TRX rows - Adjust the TRX straps to your height. Set your body in a straight line, as if you were in a plank position. While keeping your arms straight, walk your feet forward until there is tension in the straps. Make sure to keep your palms facing each other in a hammer grip. This is starting position.

To begin the movement, retract your shoulder blades back and down. Now, pull your torso towards your hands keeping your elbows close to your body. Your body should remain in a plank and your palms and wrists should stay neutral. Lower your body back to the starting position and repeat. If the exercise is too easy, move the feet a bit farther forward.

One arm row - To perform the exercise with your left arm, position your right knee and right hand on a bench. Leave your left foot flat on the floor and bend forward so your torso is horizontal. Hold the dumbbell in a hammer grip and your arm extended straight down. This is the starting positon.

Lift the weight to the left side of your chest while keeping both shoulders leveled with each other. Keep your back flat while your core keeps you from moving your torso. Lower the weight slowly to the starting position. Perform the exercise with both arms.

4. Do 2 back exercises for every 1 chest exercise.

5. Better posture while working.

Many offices are getting better at implementing ergonomics and giving their employees comfortable working areas. For your work area at home you don’t need to spend hundreds of dollars on a great chair (unless you can afford it). You simply need a chair that has an adjustable height so you can set your feet comfortably on the floor, a solid cushion to sit on, and good lower back support. You want the height of your monitor to be such that you can look straight ahead and not have to adjust your neck angle to view the screen. Even stacking some books under you monitor should do the trick.

-Adnan Mujic, Transform 180 Training, NSCA CPT

Train the brain

Today, more than ever, the interest in physical fitness is growing. Between the internet and social media it is hard to miss the latest and greatest technology or fitness tool that will help you achieve your fitness goal. The main components of physical fitness are simple and sometimes it is easy to take simple concepts and try to individualize them so much that confusion and sub par results can occur.

In this day of "on demand" society we are often seeking the ultimate life hack. From my personal experience, and myself being guilty as well, one of the most underrated or underdeveloped skills is the ability to move beyond your current comfort zone. One of the least trained aspects of physical fitness is the mind! I am speaking nothing new but rather a gentle encouragement that growth comes on the other side of adversity. I'm not talking about hurting yourself or training till you feel you are going to die. I'm talking about little decisions like parking at the end of the parking lot and walking into work, taking a flight of stairs instead of an escalator, or ordering that burger but choosing not to have fries.

Obviously this is information that we all know, it's simple but sometimes simple is hard!

Check out these links below on some awesome examples of how far your brain can take you !

-Blake Bender, Certified Personal Trainer at Transform 180

Make it a lifestyle

Fitness should enhance your life, not control it. Let it become a part of your lifestyle. Not as a chore or something that you feel like you HAVE to do, but let it help you get through your day. Let it be a decompression after a long day of work, or an energizing way to start your day on the right foot. Let it be therapy if you are feeling down or angry. Come in to feel energized even if you leave a little sore. Making fitness a lifelong commitment is tough, but you might find that after a while you wouldn’t know what to do without it.  


-Rena Bartlett, Certified Personal Trainer at Transform 180


How do I find the motivation?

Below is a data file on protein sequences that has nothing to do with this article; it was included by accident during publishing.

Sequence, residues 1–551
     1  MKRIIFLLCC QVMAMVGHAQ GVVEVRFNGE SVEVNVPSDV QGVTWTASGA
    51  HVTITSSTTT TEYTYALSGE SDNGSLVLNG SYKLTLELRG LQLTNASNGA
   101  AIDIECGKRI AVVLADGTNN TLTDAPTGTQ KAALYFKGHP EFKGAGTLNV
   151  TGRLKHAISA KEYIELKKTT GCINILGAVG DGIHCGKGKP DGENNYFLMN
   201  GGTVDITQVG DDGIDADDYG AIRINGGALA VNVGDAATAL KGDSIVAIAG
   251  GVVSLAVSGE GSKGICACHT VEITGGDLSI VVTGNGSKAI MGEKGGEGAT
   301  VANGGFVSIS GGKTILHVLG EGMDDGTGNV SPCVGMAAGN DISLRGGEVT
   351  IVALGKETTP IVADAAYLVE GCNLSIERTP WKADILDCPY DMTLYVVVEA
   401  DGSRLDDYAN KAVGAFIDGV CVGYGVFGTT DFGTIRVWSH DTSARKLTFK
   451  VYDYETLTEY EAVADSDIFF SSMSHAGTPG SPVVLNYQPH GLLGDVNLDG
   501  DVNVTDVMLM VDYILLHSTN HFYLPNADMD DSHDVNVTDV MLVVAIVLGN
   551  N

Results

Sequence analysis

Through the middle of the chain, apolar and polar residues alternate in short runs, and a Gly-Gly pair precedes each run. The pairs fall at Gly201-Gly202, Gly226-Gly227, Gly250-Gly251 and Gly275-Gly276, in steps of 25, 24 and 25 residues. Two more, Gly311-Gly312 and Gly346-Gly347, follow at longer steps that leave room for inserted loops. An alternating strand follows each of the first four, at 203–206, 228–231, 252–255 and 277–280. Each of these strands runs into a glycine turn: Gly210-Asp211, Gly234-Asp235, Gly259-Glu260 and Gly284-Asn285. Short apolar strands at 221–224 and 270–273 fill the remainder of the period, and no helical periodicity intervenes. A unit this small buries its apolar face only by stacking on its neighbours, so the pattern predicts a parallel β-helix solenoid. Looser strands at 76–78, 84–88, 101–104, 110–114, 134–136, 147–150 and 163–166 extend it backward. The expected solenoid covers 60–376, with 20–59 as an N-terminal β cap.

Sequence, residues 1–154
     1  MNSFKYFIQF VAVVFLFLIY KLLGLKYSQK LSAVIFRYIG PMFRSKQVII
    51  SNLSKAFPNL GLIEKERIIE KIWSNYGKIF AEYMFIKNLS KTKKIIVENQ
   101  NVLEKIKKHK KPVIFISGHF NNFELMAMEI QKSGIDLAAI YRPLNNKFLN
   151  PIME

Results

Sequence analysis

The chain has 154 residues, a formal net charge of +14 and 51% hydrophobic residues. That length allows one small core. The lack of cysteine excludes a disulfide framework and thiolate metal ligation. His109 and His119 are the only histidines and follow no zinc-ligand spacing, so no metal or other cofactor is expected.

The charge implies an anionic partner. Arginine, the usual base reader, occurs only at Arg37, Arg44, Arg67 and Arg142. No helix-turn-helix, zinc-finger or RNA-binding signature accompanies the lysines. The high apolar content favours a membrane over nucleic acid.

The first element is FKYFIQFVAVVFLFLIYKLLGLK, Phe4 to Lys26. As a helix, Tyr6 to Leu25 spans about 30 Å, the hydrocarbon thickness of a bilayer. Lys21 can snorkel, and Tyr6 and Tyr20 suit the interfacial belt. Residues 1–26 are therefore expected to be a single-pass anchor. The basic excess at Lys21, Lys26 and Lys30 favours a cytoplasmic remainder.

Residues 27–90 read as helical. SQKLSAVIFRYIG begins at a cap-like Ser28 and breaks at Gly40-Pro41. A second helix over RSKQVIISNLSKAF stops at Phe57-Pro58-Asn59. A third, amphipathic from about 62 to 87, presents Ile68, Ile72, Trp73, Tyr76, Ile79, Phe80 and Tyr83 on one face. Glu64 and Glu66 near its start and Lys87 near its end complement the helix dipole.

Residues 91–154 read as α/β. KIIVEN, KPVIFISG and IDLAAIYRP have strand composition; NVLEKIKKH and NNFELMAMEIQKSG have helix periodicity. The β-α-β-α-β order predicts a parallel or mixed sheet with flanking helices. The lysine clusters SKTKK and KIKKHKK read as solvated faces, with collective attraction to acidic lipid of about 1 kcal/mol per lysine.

This is the number one question that I get from clients. "How do I find the motivation to complete all of my workouts and keep my diet on track?" I learned the answer to this question at the start of my own fitness journey. It is not about motivation, it is about discipline. Motivation is unreliable. It comes and goes just like the sunshine here in Seattle. Motivation really helps to get the ball rolling, but it won't get you to the finish line. There will be times when you have no motivation to workout or stick to your meal plan. As humans, there are many outstanding factors that could influence us in negative ways, and we will use those as excuses not to get our workout done. "I'm tired", "I'm too stressed out", "I had a rough day", "I have too much to do", just to name a few that I have personally used.

So what do we do when there is no motivation to be found? Cue discipline, the superhero trait of all superhero traits, saving fitness journeys from crashing and burning since the beginning of time! Right from your very first workout, you must begin to instill the discipline within yourself to get your workouts done and eat right. As this discipline grows, it is what will help you succeed and smash all of your goals. Like a fine wine, it is what will get you through the tough times.

How do you initiate discipline? It's easy! Think about what you are doing in a logical way. For example: I am going to the gym for 55 minutes. That is not even an hour of my day. I watch Netflix for longer than that. I can do this! or It only takes 10 minutes to boil water and steam veggies. It would take me longer than that to go eat out somewhere. 

We don't complete workouts or cook meals because we build those tasks up to seem more difficult than they are. When you get stuck, remember this: think logically, you will always feel better after a good workout and healthy meal, don't rely on motivation 24/7 - rely on yourself and your own discipline. Be your own superhero! 


-Shawna Holt, Certified Trainer & Operations Manager at Transform 180 Training


Take pride in your progress, big or small

Feeling stuck? That’s okay, we have all been there before. Maybe something is going a little slower than you anticipated or you aren’t seeing the changes you were hoping to see. Fear not, you are still making progress! Try focusing on the things that are going right. Look at where you began and then take a look at where you are now. Celebrate every victory you have because whether big or small, it is still a victory. You have come so far, just keep going.


-Rena Bartlett, certified personal trainer at Transform 180 Training.

Don’t let the numbers control you

It is a common goal to want to be a certain weight. Everywhere you look, media is telling you that you need to lose weight quick, that media being magazines or movies or whatnot. It is no wonder that it is so ingrained in us. However, try not to let it control you. Check to see progress in other ways. Take measurements, progress pictures, or just take a look at the progress that you have made in your lifts. There are so many other great ways to tell if you are moving forward. Whether or not the scale says what you want it to say, you are here and you are making progress.


- Rena Bartlett, certified personal trainer at Transform 180 Training.